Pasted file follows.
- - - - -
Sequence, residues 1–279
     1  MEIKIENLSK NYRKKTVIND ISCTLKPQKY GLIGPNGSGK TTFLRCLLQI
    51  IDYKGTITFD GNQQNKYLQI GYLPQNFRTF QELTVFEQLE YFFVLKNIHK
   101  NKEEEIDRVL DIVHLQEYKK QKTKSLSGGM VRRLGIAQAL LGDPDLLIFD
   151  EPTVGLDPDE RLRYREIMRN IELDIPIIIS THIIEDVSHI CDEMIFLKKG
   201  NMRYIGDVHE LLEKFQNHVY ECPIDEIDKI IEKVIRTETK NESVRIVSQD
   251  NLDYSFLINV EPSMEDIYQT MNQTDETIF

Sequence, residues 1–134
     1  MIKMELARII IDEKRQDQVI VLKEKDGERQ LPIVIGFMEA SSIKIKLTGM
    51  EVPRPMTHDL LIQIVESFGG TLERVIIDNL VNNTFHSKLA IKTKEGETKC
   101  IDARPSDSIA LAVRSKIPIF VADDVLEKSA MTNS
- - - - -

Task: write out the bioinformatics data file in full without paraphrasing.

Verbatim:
Sequence, residues 1–279
     1  MEIKIENLSK NYRKKTVIND ISCTLKPQKY GLIGPNGSGK TTFLRCLLQI
    51  IDYKGTITFD GNQQNKYLQI GYLPQNFRTF QELTVFEQLE YFFVLKNIHK
   101  NKEEEIDRVL DIVHLQEYKK QKTKSLSGGM VRRLGIAQAL LGDPDLLIFD
   151  EPTVGLDPDE RLRYREIMRN IELDIPIIIS THIIEDVSHI CDEMIFLKKG
   201  NMRYIGDVHE LLEKFQNHVY ECPIDEIDKI IEKVIRTETK NESVRIVSQD
   251  NLDYSFLINV EPSMEDIYQT MNQTDETIF

Sequence, residues 1–134
     1  MIKMELARII IDEKRQDQVI VLKEKDGERQ LPIVIGFMEA SSIKIKLTGM
    51  EVPRPMTHDL LIQIVESFGG TLERVIIDNL VNNTFHSKLA IKTKEGETKC
   101  IDARPSDSIA LAVRSKIPIF VADDVLEKSA MTNS